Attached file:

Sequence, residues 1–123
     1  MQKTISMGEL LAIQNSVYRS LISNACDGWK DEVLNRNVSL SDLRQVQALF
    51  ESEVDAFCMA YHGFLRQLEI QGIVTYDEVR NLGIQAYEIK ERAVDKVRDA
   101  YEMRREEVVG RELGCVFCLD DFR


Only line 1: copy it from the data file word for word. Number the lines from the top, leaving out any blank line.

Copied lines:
Sequence, residues 1–123